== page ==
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This article was published on September 9, 2014

iPhone camera gets “Focus Pixels” sensor and image stabilization

iPhone camera gets “Focus Pixels” sensor and image stabilization
Jackie Dove
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Jackie Dove


Jackie Dove was in charge of The Next Web's Creativity channel from February 2014 through October 2015. Jackie Dove was in charge of The Next Web's Creativity channel from February 2014 through October 2015.

Apple has announced that the new camera for the iPhone 6 models has the familiar 8 megapixel iSight camera with an ƒ/2.2 aperture, but that it sports an all-new Focus Pixels sensor that senses light quickly for swift auto focus.

Apple says it “phase detection focus” Focus Pixels augment autofocus, skin tones, facial recognition, and macro photography.

Camera improvements, powered by the iPhone’s new 64-bit A8 chip, also include an improved lens and image stabilization, face detection and blink detection while otherwise maintaining the same megapixel count as before. The cameras sport a five-element lens and a new image signal processor that Apple says vastly improves performance.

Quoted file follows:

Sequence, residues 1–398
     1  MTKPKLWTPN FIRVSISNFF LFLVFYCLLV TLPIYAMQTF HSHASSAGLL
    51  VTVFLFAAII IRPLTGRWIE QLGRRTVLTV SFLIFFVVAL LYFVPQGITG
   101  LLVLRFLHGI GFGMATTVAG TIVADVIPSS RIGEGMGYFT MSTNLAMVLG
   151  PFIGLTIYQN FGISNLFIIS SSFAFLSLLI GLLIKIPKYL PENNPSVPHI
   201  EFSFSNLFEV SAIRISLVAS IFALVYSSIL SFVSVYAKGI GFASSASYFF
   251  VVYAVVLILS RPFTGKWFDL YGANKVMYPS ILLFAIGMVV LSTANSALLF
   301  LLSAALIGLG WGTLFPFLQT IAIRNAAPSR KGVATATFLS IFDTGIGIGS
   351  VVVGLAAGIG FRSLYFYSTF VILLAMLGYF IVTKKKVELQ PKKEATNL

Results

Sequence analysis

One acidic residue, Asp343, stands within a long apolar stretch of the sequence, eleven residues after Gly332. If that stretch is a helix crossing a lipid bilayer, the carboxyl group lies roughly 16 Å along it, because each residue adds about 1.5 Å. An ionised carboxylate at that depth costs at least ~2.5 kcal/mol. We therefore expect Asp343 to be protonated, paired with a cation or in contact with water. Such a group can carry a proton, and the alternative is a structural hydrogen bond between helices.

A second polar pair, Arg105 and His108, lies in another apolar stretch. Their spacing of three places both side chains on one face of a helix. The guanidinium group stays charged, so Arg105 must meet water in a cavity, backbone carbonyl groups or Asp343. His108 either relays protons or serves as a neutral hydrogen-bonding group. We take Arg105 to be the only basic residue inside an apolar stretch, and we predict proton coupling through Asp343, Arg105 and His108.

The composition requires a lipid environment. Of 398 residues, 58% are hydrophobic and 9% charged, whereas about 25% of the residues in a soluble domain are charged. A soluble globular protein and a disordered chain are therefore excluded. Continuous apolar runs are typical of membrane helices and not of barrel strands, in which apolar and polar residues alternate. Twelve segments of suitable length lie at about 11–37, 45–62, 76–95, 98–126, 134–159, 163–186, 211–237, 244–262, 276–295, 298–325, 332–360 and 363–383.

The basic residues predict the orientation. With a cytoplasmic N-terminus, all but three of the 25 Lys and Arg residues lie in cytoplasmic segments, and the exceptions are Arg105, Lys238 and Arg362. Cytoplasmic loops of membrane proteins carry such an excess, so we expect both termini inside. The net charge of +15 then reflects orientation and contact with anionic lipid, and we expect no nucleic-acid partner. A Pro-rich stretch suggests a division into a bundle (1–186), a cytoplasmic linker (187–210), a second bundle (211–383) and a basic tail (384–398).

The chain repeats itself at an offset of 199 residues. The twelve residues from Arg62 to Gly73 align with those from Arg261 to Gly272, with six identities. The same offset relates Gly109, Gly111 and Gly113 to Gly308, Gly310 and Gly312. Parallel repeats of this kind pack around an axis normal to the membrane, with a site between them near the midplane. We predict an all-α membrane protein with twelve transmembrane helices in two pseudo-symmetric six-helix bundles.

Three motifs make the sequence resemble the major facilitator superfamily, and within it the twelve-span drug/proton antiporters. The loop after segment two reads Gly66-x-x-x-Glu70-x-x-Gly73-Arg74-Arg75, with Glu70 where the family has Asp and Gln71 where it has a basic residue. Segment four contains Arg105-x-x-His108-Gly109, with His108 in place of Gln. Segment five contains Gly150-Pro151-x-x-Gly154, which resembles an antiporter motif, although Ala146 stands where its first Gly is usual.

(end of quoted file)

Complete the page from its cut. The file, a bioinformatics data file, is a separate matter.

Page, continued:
Apple says, altogether, the phone itself has a 25 faster CPU performance and up to 50 percent faster graphics, compared with the previous high-end 5s model, all of which help camera performance.

In addition to tone mapping and advanced noise reduction, the 5.5-inch iPhone 6 Plus has genuine DSLR-like optical image stabilization, while the 4.7-inch iPhone 6 model has digital image stabilization.

Optical image stabilization keeps videos and photos level even when your hand shakes because it actually moves the lens to automatically adjust and correct your image as you move the phone. The digital variety does something similar in software.

Both models have a “best shot” mode.


Panoramas can be taken at up to 43 megapixels on both models, while now there are both single shot HDR and HDR videos.

A new video encoder makes video available at 1080p at 30fps or 60fps as well as slo-mo video up to a whopping 240 fps. Video features also include time lapse and a new continuous autofocus.

You can even put the selfie camera in burst mode, if that’s something you care to do.

Those specs come against a backdrop of a curved glass retina HD display for both models. The iPhone 6 has a 4.7-inch display with a resolution of 1334×750 pixels and pixel density of 326 pixels-per-inch.


The iPhone 6 Plus, with a larger 5.5-inch display, has a resolution 1920×1080 pixels with pixel density of 401 pixels-per inch — a total of more than 2 million pixels. The iPhone 6 is 6.9 mm while the iPhone 6 Plus is 7.1 mm thick.

While some might be a tad disappointed that Apple chose not to up the megapixel count just a teensy bit — rumor had it that the new camera would go to 10, 13, or even 16 megapixels — it actually makes sense to add image stabilization and focusing improvements instead of adding bulk to the phone’s file system.

On the other hand, with iOS 8 iCloud integration, it’s likely that much of that memory burden will be lifted from the handset — some but not all.


For all our coverage of this event, check out our Apple event hub

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